So I am a begginner and never done this, but from what I think to have understood, to do what you want to do it is needed Composition so you are not constrained by problem that can arise with inheritance.

This video below shows how, I yet have to finish watching it and probably will need to go through it multiple times before I can do that, but I think it has the answers we need. 

Another interesting video could be this, from one of the developers of Caves of Cud, he explains how the inheritance system didn't worked at all for a roguelike and how he solved with components. 

 

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First: don't "design all [your] classes" at once. Pick individual problems, fix them, repeat until you're done. It's less overwhelming that way.

"But then how does it know if it hit an obstacle or walks on an ice-tile or got pushed back by a boulder that hit him?" - Depends on your game. There's no "one-size-fits-all" for character movement. You could have the player set a velocity value, and the world could handle all the movement. You could have the player ask the world, "can I move like this?" and get back a yes/no answer. You could have the player ask the world, "what happens if I try moving in this direction" and get back vector answering where the player actually ended up. Either way, let the world track where everything is, and adjudicate how the movement works.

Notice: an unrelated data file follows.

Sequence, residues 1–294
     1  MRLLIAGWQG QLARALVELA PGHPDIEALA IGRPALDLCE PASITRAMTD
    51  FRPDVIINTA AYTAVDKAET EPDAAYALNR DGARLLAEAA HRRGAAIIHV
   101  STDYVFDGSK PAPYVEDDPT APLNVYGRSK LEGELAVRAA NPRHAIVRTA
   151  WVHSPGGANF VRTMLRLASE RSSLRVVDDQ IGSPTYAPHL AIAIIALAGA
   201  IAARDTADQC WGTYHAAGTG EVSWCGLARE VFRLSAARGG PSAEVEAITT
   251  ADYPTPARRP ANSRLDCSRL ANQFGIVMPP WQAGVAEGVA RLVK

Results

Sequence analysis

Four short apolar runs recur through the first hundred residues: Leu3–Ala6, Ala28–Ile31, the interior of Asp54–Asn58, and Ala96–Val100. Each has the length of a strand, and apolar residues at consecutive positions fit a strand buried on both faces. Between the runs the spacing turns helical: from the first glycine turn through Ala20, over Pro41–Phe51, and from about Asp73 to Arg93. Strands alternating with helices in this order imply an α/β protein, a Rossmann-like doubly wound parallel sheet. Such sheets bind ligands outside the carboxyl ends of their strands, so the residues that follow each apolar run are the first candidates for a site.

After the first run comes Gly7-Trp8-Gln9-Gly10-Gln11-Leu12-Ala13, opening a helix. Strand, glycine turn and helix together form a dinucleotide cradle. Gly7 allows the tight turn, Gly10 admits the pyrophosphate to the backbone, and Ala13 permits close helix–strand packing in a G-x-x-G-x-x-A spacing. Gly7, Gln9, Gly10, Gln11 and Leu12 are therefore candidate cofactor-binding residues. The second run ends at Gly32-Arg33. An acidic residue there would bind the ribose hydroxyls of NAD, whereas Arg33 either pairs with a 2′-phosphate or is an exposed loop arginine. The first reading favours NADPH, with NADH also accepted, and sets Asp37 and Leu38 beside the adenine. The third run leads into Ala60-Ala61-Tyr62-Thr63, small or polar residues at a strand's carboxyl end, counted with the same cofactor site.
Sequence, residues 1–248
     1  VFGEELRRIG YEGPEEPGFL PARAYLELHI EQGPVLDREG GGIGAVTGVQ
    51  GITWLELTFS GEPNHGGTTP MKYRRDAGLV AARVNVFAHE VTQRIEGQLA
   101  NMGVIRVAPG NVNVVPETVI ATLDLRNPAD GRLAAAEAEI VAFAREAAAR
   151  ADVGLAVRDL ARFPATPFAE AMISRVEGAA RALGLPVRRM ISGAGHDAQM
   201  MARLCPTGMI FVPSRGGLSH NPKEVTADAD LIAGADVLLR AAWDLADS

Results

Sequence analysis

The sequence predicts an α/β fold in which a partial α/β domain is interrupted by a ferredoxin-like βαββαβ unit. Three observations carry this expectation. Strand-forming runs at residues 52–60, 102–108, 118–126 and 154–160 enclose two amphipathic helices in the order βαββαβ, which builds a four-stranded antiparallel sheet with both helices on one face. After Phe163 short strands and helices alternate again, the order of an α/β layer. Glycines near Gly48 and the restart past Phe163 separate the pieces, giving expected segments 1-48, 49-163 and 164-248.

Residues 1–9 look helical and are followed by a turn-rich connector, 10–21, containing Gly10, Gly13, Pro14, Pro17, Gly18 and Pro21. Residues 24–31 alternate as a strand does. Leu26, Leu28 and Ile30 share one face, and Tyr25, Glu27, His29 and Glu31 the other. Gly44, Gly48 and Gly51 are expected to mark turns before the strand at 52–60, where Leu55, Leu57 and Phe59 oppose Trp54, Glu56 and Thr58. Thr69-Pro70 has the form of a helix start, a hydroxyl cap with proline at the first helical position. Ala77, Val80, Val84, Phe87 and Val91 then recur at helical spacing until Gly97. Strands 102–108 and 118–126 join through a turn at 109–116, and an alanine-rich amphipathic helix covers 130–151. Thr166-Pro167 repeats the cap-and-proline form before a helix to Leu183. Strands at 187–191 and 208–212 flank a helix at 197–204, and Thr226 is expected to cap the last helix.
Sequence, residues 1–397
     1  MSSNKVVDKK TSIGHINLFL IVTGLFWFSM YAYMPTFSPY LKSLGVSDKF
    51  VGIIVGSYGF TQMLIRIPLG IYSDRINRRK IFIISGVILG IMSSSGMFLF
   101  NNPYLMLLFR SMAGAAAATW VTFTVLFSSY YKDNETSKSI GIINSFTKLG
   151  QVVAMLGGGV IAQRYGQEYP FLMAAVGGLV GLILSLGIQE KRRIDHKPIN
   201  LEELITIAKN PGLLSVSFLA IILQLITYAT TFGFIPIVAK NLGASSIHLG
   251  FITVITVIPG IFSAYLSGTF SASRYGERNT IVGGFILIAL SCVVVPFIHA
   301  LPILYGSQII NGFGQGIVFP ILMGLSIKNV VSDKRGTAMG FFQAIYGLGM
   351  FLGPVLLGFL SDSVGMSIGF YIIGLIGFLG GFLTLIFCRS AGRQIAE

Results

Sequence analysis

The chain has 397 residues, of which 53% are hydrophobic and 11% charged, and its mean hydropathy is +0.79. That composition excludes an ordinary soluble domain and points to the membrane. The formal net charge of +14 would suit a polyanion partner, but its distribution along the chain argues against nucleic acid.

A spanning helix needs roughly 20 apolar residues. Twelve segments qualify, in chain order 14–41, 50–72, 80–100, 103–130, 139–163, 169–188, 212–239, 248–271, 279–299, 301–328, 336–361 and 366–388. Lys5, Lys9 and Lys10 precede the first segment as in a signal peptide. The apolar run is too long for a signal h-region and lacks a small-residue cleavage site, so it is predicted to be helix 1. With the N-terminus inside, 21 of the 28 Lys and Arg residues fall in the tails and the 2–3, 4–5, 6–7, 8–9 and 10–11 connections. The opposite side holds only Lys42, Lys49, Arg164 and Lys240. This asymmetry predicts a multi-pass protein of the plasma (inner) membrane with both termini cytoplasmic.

"How does separation of concerns fall into this, since optimally, every class should only have 1 responsibility" - Don't get obsessed with 'optimal'. Make the object do whatever you need it to. You can clean it up later. And don't try and pre-plan this all in advance in the abstract sense. When you have 2 explicit responsibilities to talk about, then you can consider how to separate them.

"Can someone give me a graph of how everything should be "connected"?" - No, because there's no One True Way to structure a game. You just have to keep at it. You might get further by showing us a graph of what you have already, but unless there is a concrete problem with it, you need to not get 'analysis paralysis' over it. Just keep working.

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Without getting into too much detail, your game should have a game loop that handles input, logic, and drawing. When you have a class for player, in your input function you would update the player's position based on key strokes. (if keyboard.up()) { player.setPositionY(-5); }